ORIGINAL RESEARCH article
Sec. Comparative and Clinical Medicine
Volume 4 - 2017 | https://doi.org/10.3389/fvets.2017.00224
Clinicopathological Findings and Prognosis in Canine Cases Diagnosed As Primary Hypoplasia of the Portal Vein
- 1Laboratory of Veterinary Internal Medicine 2, School of Veterinary Medicine, Azabu University, Kanagawa, Japan
- 2Akiyoshi Animal Clinic, Kanagawa, Japan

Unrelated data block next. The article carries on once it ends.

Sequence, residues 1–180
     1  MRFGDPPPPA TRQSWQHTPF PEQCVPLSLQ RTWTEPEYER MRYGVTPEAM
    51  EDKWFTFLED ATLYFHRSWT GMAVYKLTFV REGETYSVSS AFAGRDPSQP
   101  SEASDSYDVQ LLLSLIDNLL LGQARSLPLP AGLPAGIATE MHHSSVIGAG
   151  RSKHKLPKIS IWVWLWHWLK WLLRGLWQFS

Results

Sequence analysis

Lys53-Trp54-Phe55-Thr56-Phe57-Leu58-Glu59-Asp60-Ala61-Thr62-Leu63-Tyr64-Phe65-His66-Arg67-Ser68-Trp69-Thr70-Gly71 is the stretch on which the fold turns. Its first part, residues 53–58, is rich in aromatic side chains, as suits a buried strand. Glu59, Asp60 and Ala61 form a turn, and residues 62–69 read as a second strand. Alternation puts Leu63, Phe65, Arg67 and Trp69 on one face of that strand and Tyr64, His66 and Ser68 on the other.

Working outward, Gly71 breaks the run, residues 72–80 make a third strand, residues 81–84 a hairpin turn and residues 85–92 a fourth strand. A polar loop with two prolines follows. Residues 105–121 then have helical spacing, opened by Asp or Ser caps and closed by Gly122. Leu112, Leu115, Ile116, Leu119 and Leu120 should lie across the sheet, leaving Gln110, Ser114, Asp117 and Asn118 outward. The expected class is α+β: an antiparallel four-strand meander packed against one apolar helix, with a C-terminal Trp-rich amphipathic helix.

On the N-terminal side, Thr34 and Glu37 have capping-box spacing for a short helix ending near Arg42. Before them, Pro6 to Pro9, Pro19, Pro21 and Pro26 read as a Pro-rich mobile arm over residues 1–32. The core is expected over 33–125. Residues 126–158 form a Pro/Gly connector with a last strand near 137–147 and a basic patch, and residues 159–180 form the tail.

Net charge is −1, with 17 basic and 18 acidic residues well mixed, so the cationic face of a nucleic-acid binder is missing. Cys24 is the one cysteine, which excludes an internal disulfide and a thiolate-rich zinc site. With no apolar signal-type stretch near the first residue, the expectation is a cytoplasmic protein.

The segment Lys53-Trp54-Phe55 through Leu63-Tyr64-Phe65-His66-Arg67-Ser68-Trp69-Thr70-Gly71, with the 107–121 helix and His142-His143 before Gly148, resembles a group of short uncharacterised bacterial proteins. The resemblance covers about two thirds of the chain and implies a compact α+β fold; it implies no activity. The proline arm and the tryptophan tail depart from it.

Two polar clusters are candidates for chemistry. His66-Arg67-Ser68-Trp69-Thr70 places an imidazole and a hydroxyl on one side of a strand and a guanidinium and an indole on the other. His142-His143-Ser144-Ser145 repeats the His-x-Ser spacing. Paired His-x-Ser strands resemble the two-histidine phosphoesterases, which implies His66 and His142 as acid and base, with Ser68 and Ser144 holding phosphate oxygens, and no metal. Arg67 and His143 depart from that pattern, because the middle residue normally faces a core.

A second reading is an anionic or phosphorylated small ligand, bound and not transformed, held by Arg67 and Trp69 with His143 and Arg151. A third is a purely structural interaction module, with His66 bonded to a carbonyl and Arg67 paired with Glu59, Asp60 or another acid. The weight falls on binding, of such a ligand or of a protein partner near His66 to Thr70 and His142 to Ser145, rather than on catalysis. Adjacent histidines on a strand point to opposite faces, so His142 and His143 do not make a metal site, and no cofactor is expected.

Canine primary hypoplasia of the portal vein (PHPV) is a microscopic malformation of the hepatic vasculature. The prevalence, clinical signs, and clinicopathological findings of PHPV in dogs are unclear, because there are few reports concerning PHPV in the veterinary literature. This retrospective study reviewed clinical records and liver biopsy data from 48 dogs with hepatic disease that were examined at a private veterinary hospital in Japan between April 2011 and March 2014 to determine the prevalence of PHPV among dogs that underwent liver biopsy and to determine the clinical and clinicopathological findings of PHPV in dogs. Records for all 48 dogs that underwent liver biopsy were investigated. Collected data included signalment, clinical signs, physical examination findings, complete blood cell count, chemistry results, pre-and postprandial serum total bile acid concentrations, coagulation profiles (prothrombin time, activated partial thromboplastin time, fibrinogen, and antithrombin), and abdominal ultrasonography findings at the first medical examination. The diagnosis of PHPV was made on the basis of histological examination of hepatic biopsy specimens and portography or CT angiography. Among the 48 canine cases, 28 dogs (58.3%) were diagnosed with PHPV, which was the most common diagnosis. The most frequent clinical sign in dogs with PHPV was asymptomatic persistently increased liver enzymes (57.1%). Toy poodles were at a significantly higher risk of PHPV than other breeds among dogs that underwent liver biopsy (P < 0.001). The median survival time of dogs with PHPV was more than 5 years. Plasma fibrinogen concentration below the reference range was an indicator of PHPV in this study. Dogs with PHPV frequently had mild clinical signs and a favorable prognosis.